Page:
(639c) Facile Induction of Mesoporosity within Crystalline Metal-Oxides By Hydrogen Peroxide Treatment

Authors: 
Colon, J., Rutgers, The State University of New Jersey
Ruckodanov, D., Rutgers, The State University of New Jersey
Landers, J. M., Edgewood Chemical Biological Center
Neimark, A., Rutgers, The State University of New Jersey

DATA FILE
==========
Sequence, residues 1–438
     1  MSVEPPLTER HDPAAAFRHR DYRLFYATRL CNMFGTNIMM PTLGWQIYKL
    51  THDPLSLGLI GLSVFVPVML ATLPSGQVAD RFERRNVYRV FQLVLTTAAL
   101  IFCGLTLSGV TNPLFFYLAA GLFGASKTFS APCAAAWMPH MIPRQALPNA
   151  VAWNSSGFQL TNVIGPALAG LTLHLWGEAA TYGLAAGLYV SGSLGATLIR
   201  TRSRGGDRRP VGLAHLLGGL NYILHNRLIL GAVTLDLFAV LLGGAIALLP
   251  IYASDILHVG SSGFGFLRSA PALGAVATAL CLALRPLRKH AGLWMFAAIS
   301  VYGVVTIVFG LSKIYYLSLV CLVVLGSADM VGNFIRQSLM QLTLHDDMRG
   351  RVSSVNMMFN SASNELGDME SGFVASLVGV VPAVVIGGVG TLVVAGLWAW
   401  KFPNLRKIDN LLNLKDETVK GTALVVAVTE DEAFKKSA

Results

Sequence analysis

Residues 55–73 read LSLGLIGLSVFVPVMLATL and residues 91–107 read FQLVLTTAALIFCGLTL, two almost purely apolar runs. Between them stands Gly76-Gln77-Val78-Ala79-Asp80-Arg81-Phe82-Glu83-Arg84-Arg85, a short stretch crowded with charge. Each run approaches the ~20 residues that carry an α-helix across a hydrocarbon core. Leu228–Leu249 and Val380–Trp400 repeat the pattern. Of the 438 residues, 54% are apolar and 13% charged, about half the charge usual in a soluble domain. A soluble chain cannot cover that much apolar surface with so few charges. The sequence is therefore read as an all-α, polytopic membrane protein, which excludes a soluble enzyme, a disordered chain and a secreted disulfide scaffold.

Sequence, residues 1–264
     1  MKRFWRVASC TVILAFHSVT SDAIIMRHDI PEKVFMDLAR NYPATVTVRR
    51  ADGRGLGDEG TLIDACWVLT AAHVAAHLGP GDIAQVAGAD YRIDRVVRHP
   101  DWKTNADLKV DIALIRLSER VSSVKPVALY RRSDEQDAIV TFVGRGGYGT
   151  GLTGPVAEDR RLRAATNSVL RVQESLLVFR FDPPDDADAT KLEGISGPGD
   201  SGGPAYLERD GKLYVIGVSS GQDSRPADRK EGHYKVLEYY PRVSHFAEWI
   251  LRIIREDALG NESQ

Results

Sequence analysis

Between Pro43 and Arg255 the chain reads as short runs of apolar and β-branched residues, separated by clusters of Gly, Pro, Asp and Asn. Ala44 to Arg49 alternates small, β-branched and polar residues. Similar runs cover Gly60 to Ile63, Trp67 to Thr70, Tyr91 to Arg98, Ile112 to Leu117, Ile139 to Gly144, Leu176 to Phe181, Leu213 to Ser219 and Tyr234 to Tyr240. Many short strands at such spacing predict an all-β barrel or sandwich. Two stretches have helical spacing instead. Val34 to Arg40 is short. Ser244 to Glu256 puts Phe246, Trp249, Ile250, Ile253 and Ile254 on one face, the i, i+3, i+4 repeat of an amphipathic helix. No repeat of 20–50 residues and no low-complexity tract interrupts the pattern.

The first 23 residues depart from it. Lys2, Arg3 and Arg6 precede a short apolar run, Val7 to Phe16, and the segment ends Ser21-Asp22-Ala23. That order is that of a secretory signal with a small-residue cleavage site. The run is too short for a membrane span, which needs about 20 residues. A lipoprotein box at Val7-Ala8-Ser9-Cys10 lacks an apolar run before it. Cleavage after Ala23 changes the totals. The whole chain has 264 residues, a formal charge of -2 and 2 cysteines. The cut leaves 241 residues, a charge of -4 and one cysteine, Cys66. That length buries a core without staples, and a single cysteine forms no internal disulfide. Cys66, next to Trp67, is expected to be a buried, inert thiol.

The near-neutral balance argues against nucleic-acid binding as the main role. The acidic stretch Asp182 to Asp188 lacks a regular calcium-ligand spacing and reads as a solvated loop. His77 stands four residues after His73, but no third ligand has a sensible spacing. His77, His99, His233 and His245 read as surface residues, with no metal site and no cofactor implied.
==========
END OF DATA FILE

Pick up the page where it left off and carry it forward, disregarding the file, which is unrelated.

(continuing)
Metal-oxides are widely used in several applications such as water purification, photo-catalysis, chemical warfare agent (CWA) decomposition, given that they are relatively easy to synthesize and cost-effective. Within the CWA decomposition field, metal-oxides are particularly effective, as they have the ability to hydrolyze CWA and CWA-surrogates, such as phosphor-organic and mustard agents into non-toxic products. Crystalline metal-oxides typically exhibit low surface area. This means that their catalytic activity relies mostly on surface interactions. Surface chemistry within metal-oxides play an important role into the adsorption and consequent decomposition of CWA. Therefore, incorporating mesoporosity within metal-oxides can significantly enhance transport, accessibility of reactive sites, adsorption capacity, thus improving their overall catalytic activity. Crystalline zinc, cerium and zirconium oxides were synthesized by typical sol-gel techniques and were found to be non-porous. Nitrogen adsorption experiments demonstrate that adding crystalline metal-oxides into a solution of hydrogen peroxide facilitates the formation of mesopores. X-ray photoelectron spectroscopy (XPS) data suggest that one important factor in the formation of mesopores is due to the removal of lattice-bound water molecules from crystalline metal-oxides.